"This results in the deprivation of freedom for no reason," he said.
The bad condition reported by the Fact Finding Team, continued Abu, was only an iceberg. He believes that this incident has been taking place regularly for years without any firm action against the perpetrators and service improvements.
"The perpetrators are left out of the reach of the law," he said.
To break the chain of violent practices, the team recommends that the government of Sabah, Malaysia stop arbitrary justice, ask to improve health conditions in immigration detention according to the minimum standards recommended by the World Health Organization (WHO), eliminate the practice of torture in immigration detention, and carrying out a series of investigations into perpetrators of violence in detention and punishing perpetrators in order to end impunity.
"Then reform the legal system to stop the criminalization of undocumented migrant workers," said Abu Mufakir.
The coalition also requested that the Indonesian government be more serious in dealing with the mass return of migrant workers. Apart from paying attention to the aspect of legal protection, the government is also asked to provide healing for workers who have experienced severe trauma due to violence experienced in immigration detention.
"The Indonesian government is in Sabah to provide legal aid services for Indonesian Migrant Workers who experience legal cases," said Musdalifah.
The National Human Rights Commission and the Malaysian Commission on Human Rights said they would follow up on the findings of the fact-finding team. Komnas HAM commissioner Choirul Anam said that his party would use the findings of the coalition as a basis for examining in more detail the conditions of workers in Indonesia and in Malaysia.
"We will coordinate so that there is a joint investigation and there are joint recommendations for Indonesia and Malaysia. This will be something good, ”said Choirul Anam when responding to the coalition's report through the Zoom application, Wednesday, October 7, 2020.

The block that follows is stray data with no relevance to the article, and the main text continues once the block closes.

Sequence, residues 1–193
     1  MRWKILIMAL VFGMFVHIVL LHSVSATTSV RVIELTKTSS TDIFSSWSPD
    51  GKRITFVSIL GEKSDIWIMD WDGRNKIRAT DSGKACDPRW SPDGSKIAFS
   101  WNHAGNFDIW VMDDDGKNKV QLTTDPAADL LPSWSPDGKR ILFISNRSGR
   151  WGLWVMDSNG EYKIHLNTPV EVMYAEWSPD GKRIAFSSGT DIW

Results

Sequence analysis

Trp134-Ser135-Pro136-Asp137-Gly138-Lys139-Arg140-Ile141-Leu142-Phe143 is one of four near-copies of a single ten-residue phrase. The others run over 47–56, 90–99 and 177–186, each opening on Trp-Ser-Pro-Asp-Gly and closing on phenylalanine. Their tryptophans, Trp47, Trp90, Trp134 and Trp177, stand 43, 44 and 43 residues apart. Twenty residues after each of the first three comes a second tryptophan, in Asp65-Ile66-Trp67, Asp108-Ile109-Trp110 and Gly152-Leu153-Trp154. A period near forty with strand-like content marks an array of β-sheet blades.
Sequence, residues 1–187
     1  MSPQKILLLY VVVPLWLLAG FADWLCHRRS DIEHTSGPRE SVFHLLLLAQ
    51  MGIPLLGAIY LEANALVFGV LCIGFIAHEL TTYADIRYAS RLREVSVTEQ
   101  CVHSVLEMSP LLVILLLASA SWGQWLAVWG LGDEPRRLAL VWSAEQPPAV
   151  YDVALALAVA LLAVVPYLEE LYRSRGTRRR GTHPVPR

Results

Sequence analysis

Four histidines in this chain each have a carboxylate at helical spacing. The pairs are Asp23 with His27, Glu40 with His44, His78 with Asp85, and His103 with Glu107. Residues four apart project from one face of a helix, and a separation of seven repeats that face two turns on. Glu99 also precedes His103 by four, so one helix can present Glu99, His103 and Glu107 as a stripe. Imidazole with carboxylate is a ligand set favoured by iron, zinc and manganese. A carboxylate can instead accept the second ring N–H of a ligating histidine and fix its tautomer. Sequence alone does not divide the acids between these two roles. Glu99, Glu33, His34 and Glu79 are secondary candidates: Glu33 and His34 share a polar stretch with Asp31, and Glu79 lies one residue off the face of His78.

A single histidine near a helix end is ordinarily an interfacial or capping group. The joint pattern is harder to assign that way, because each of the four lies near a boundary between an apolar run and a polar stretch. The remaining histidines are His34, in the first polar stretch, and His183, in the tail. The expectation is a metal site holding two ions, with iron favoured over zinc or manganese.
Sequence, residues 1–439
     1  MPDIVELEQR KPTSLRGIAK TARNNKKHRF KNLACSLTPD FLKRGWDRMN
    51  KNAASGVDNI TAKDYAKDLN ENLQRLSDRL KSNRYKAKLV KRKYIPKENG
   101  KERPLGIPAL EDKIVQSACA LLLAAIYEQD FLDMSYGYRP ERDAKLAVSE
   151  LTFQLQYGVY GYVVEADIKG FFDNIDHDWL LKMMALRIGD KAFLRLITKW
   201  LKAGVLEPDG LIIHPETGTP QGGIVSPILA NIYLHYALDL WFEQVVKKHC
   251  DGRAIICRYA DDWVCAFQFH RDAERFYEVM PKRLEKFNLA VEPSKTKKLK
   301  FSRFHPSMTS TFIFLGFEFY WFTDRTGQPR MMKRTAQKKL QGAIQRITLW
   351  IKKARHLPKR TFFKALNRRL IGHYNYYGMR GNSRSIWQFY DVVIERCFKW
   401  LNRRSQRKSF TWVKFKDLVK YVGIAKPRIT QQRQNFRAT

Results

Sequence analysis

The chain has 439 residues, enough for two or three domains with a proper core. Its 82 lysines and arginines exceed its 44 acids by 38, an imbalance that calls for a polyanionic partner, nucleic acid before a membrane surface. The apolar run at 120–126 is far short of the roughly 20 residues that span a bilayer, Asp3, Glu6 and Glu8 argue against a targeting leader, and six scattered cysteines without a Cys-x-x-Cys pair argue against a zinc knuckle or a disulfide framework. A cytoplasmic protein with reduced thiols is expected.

Previously, said Choirul Anam, his party had already conducted a temporary investigation in Makassar. Based on preliminary findings, one of the things that Komnas HAM has highlighted is the weakness of legal aid provided by the Indonesian government in Malaysia.
"Indonesia needs to issue a policy on how to respond to this (violence-ed) properly," he said.
Meanwhile, member of the Malaysian Human Rights Commission, Jerald Joseph welcomed the invitation to a joint investigation with Komnas HAM. According to him, the two countries must find joint solutions to resolve cases of suspected violence of migrant workers in temporary detention or immigration depots both during Covid-19 and before the pandemic.
Jerald admitted that the temporary detention provided by the Malaysian government was in inhuman conditions. This was exacerbated by the findings of the coalition which reported inadequate provision of food, drink and health facilities.
"We agree with you that it (the prisoners) is overcrowded," said Jerald Joseph, Wednesday, October 7, 2020.
According to him, the events experienced by workers in immigration detention are not in accordance with the standards of the World Health Organization (WHO). One of the benchmarks is the cleanliness and maintenance of facilities, the prioritization of security, and respect for human rights.
The neighboring country, said Jerald, should be able to guarantee workers' rights as citizens. This is because it is in accordance with the Universal Declaration of Human Rights which states the inherent rights of all human beings, regardless of race, gender, nationality, ethnicity, language, and religion.
“No human being should be treated in a degrading treatment. Either those with or without documents. We are all human beings and we have our human rights and dignity, ”said Jerald. (Abdus Somad)